Israel to give work permits to 16,000 more Palestinians in bid to strengthen PA

Around 122,000 Palestinians currently work legally in Israel and the settlements, and their incomes are important to a PA economy that has taken tough hits during the pandemic

Palestinian workers from the West Bank city of Hebron carry personal belongings as they cross into Israel through a hole in  security fence near the West Bank city of Hebron, January 31, 2021. (Wisam Hashlamoun/Flash90)
Palestinian workers from the West Bank city of Hebron carry personal belongings as they cross into Israel through a hole in security fence near the West Bank city of Hebron, January 31, 2021. (Wisam Hashlamoun/Flash90)

The Israeli government is set to increase the number of work permits for West Bank Palestinians by 16,000 amid calls by Israeli officials to strengthen the ailing Palestinian Authority economy.

According to the Defense Ministry, the Israeli military body charged with handling Palestinian civilian affairs — known by its acronym COGAT — informed senior Palestinian officials on Wednesday of the intention to offer additional permits.

The plan was first announced by Regional Affairs Minister Issawi Frej, who said he had developed the initiative along with Housing Minister Ze’ev Elkin. But while the proposal was originally set to be approved by the government this past Sunday, it was subsequently delayed due to “technical issues” with the Defense Ministry, Frej’s office said.

Around 87,000 Palestinians work legally in Israel, according to official figures, and another 35,000 work in Israeli settlements in the West Bank. The vast majority work in agriculture and construction.

Most of the new permits — some 15,000 — will be issued specifically for construction workers, according to the proposal. Another 1,000 will be granted for Palestinians who work at hotels across Israel.

Tens of thousands more illegally cross through gaps in the West Bank security barrier on a regular basis. Occasionally, Israeli forces are said to turn a blind eye, while at other points they crack down on the trespassers.

Palestinian workers enter Israel through the Mitar checkpoint in the West Bank city of Hebron, on May 5, 2020. (Wisam Hashlamoun/Flash90)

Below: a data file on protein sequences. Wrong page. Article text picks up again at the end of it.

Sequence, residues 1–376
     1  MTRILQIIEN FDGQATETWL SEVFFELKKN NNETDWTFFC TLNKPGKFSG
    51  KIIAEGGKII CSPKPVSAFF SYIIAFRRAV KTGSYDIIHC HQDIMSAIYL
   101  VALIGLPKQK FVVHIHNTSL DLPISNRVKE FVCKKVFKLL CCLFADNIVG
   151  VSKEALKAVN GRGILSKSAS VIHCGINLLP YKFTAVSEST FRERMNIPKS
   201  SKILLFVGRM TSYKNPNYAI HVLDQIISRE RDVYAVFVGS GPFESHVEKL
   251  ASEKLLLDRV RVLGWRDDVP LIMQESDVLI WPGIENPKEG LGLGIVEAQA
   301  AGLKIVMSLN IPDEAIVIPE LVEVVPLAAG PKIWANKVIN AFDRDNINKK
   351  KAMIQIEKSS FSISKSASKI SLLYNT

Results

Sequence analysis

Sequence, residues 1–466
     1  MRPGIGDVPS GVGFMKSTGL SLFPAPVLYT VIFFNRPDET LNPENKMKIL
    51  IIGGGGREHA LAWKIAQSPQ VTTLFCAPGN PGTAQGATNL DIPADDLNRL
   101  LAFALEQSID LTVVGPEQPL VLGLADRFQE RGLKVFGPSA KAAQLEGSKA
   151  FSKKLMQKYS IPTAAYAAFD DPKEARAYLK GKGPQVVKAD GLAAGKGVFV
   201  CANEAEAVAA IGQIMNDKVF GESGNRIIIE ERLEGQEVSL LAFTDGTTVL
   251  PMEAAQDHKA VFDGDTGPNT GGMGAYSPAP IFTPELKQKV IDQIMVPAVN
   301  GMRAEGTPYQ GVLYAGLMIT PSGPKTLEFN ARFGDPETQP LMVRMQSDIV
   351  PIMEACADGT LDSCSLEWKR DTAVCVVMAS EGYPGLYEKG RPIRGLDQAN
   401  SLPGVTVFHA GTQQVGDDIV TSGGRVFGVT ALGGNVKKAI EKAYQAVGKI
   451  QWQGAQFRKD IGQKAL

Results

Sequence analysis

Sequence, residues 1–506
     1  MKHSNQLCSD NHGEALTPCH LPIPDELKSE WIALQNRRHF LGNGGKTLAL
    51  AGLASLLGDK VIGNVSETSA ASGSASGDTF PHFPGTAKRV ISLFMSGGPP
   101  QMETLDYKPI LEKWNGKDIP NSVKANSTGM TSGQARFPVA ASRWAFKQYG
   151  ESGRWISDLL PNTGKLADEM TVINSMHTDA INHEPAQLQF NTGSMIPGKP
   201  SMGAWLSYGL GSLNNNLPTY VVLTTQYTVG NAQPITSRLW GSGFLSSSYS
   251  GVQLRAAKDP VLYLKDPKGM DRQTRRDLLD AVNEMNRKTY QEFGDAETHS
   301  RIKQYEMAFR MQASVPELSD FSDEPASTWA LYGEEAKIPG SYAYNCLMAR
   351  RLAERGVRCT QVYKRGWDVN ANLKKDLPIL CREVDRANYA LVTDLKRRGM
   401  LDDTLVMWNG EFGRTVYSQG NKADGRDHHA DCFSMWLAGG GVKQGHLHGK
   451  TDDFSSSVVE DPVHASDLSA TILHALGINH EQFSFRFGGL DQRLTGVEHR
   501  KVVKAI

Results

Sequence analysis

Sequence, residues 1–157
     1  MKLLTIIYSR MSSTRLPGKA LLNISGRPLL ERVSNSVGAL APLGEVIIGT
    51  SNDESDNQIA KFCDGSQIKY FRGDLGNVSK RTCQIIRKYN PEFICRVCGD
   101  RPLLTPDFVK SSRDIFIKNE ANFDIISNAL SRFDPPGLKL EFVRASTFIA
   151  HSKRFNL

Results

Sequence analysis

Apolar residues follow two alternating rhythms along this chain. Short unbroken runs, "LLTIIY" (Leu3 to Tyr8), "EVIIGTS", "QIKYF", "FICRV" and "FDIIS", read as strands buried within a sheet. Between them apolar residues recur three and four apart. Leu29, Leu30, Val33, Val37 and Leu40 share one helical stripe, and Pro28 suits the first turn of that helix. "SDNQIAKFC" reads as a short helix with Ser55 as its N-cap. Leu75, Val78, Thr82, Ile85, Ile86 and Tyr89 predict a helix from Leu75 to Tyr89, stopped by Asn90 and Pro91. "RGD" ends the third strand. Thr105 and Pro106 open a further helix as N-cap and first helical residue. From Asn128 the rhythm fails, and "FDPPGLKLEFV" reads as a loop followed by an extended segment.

The workers’ incomes are an important source of funding for the Palestinian economy, which has been battered by diminished international aid and a tough pandemic year.

The government is scheduled to approve the plan next week, according to to both Frej and Defense Minister Benny Gantz’s office. Freij has pledged more such civilian-led economic programs could be en route.

“This step is the first in a series of steps currently being considered in talks between Palestinian and Israeli officials aimed at helping to shore up the economic fortitude of the Palestinian Authority,” Frej said.

Frej has met repeatedly with senior Palestinian officials over the past few weeks in an attempt to expand civilian cooperation between the two sides. Relations between Israel and the Palestinian Authority have been poor for years, with ties mostly being managed by the Israeli military and intelligence services.

“This measure will strengthen the Israeli and Palestinian economies, and will largely contribute to the security stability in the area of Judea and Samaria. Economic stability is the key to preserving security in the region,” said COGAT head Ghassan Alian in a statement.

In the aftermath of the recent escalation between Israel and the Hamas terror group, which rules the Gaza Strip, Israeli officials have repeatedly said that they hope to strengthen the beleaguered Palestinian Authority.

“The most desirable change in my view is to strengthen the Palestinian Authority as much as possible, and not to let Hamas be the one that sets the agenda, neither in the area of the Gaza Strip nor in Gaza itself,” Gantz said in the aftermath of the May fighting.

The Palestinians, meanwhile, have reportedly issued a list of confidence-building measures they hope will be implemented — including more permits for workers, a renewed diplomatic mission from Ramallah in East Jerusalem, and building permits for Palestinians in areas of the West Bank where Israeli approval is required for construction.

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